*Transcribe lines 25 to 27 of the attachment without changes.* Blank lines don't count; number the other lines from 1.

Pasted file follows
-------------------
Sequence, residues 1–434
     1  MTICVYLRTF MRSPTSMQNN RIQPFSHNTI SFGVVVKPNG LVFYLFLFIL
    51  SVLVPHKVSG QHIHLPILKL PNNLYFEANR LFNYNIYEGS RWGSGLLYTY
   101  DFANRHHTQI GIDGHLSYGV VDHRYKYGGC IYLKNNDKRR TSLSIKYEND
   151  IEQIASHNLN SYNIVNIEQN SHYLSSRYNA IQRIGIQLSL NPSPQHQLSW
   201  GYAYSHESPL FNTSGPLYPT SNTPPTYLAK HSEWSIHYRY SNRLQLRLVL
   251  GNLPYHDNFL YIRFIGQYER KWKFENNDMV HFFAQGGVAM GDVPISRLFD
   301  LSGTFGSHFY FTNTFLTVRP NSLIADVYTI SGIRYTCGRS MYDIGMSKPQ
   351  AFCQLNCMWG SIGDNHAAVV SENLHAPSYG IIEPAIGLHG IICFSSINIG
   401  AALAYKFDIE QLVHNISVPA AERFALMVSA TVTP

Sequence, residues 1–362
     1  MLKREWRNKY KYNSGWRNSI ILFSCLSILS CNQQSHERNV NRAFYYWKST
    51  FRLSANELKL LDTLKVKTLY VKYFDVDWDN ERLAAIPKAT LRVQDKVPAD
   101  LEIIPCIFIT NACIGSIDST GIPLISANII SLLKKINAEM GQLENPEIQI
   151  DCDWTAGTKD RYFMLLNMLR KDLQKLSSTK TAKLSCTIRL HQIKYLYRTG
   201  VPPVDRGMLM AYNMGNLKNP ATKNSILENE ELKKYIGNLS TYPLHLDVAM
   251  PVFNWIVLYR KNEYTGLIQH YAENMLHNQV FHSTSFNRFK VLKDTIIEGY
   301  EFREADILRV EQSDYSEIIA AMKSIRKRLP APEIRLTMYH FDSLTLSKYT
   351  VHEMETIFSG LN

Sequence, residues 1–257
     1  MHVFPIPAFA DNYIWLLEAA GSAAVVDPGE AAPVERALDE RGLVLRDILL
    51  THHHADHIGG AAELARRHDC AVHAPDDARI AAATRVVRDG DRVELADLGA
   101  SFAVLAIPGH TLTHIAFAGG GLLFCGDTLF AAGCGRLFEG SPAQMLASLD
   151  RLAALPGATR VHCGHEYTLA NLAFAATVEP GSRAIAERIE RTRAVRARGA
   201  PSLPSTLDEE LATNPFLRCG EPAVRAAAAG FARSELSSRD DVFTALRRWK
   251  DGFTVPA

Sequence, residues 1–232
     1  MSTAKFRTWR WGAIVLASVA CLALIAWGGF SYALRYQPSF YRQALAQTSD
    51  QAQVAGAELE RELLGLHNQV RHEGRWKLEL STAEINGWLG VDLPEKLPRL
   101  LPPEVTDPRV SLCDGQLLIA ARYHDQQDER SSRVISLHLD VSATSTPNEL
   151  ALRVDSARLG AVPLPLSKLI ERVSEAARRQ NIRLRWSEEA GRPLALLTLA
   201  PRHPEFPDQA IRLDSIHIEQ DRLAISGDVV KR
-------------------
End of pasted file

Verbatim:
   201  PSLPSTLDEE LATNPFLRCG EPAVRAAAAG FARSELSSRD DVFTALRRWK
   251  DGFTVPA

Sequence, residues 1–232